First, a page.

It all happened in one day.
Though not directly related, the tale of internet giant and that of department store chain Nordstrom portray how the retail landscape is quickly evolving.
Alibaba's shares soared on Thursday after CFO Maggie Wu told a packed audience at the company's investor day that total sales could climb by 45 to 49 percent this year, a target that tops analysts' expectations by 10 percentage points.
"The company will continue building its ecosystem based on data technology with core businesses supported by payment, logistics, data management platform and cloud," Jefferies analyst Jessie Guo wrote in a note to clients.
The internet giant is showing how it can evolve beyond its e-commerce roots by dipping into digital media and entertainment, cross-border e-commerce and even digital marketing, representing additional sources of revenue. And Wall Street is happy about it.
Meantime, Nordstrom's stock was also climbing higher Thursday, but for an entirely different reason. The traditionally brick-and-mortar retailer said it's exploring a "going private" transaction by the Nordstrom family, who formed a special committee to consider such a deal.
"I think this is a clear message that consumers are changing how they operate and that there is a free fall happening in retail," Eric Schiffer, chairman of DigitalMarketing.com, told CNBC in an interview, reflecting on the two companies' narratives.
"It's crippling old brands and hanging over their head in a very threatening way. If you're an e-commerce pure play, you're in a powerful position."
Nordstrom's shareholders have likely been "terrified" by the latest headlines about mall closings and weak same-store sales, and the company's value would erode should it stay as it is today, Schiffer went on. It might be better for the retailer to "deal with the storm privately," he added.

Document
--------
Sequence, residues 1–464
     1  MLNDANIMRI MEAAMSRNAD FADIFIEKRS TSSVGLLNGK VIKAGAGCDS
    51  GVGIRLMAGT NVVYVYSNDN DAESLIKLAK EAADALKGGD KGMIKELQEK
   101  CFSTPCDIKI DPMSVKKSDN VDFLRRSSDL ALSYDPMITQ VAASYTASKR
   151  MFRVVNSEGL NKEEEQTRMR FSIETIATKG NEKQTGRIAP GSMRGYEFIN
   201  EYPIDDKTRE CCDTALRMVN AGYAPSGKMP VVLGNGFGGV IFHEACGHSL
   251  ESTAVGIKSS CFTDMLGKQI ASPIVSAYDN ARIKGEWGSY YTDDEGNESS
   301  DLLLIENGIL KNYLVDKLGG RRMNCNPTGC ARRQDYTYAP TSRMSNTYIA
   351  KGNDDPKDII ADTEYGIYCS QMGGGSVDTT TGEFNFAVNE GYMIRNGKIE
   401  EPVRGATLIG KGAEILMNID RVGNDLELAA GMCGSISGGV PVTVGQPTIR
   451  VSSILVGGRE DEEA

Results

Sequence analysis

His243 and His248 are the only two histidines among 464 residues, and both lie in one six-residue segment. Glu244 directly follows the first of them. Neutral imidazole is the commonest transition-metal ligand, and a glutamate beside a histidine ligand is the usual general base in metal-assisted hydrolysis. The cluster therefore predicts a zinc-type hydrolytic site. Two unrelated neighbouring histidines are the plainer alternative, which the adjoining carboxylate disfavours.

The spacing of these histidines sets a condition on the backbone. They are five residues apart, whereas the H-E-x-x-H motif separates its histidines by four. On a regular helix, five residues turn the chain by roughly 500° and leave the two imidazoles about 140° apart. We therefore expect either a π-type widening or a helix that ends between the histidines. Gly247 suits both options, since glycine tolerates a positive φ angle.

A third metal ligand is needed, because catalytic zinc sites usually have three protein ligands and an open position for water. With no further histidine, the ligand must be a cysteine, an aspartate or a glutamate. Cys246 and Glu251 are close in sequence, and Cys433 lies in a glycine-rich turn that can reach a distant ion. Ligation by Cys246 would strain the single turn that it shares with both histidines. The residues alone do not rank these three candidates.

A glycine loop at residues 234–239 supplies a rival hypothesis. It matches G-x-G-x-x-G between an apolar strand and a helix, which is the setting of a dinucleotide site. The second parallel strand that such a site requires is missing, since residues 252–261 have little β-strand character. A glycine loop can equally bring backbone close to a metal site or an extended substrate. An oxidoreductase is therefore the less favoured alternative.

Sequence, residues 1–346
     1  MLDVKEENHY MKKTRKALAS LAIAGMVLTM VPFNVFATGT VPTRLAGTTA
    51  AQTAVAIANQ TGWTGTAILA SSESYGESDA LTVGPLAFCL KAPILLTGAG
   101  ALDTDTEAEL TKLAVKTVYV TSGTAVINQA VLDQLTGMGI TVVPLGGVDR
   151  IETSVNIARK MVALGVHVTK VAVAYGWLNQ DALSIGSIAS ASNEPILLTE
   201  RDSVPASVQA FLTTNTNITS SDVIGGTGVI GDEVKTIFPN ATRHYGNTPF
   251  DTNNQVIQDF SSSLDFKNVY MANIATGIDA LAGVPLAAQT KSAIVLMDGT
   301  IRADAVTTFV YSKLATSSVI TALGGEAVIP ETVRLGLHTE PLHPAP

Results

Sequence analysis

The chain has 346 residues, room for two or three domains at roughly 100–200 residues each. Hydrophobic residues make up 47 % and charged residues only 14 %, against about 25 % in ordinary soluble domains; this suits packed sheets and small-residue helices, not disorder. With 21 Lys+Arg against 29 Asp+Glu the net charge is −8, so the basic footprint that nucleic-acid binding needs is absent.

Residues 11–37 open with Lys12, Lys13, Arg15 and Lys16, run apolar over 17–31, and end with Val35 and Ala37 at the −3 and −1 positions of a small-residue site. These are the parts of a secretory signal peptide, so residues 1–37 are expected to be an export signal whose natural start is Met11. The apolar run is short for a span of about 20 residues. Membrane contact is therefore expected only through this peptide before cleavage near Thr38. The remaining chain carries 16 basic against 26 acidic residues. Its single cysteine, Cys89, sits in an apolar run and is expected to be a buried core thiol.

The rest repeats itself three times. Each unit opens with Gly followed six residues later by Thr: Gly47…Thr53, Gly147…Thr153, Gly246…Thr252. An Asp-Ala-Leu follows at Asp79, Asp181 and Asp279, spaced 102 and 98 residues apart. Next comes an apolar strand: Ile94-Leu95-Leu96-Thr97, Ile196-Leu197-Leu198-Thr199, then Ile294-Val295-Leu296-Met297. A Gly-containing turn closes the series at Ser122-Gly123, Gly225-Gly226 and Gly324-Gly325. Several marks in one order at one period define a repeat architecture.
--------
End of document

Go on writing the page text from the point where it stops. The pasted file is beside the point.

Nordstrom has shown signs of trying to beef up its e-commerce platform and especially its digital version of the off-price Nordstrom Rack nameplate.
During its latest quarter, Nordstrom said its online sales were 24 percent of total net sales for the period, driven by 11 percent growth at Nordstrom.com and 19 percent growth on Nordstromrack.com.
With Thursday's gains, shares of Alibaba have climbed more than 60 percent for the year-to-date period, while Nordstrom's stock has fallen about 5 percent.
"For me, this is a natural transition for [Nordstrom]," Kathy Gersch, a former Nordstrom executive and current executive vice president at Kotter International, told CNBC in an interview. "This gives them an opportunity to take a bit longer-term view on what does [restructuring] look like — thinking how we reshape ourselves without market pressures."
Gersch, who led the retailer through M&A deals and helped Nordstrom grow its private-label brands during her time there, said she expects the family's conversations about going private to move quickly from here.
"It's natural, and it should be natural," she went on. "They have to evolve in terms of how their business is operating. They've been making some small inroads but need to do a lot more."
Most retailers today appear to be looking for their so-called sweet spot when it comes to operating both a physical and digital presence.
While some headlines warn of a total retail apocalypse, "We firmly believe the future of retail has a physical component and e-commerce component," KeyBanc Capital Markets analyst Ed Yruma told CNBC.
Amazon opening bookstores and grocery stores, along with Wal-Mart's venture into delivering products, hints at where the future of retail is headed — a healthy mix of everything, Yruma said. "The level of change we're seeing in retail is unprecedented."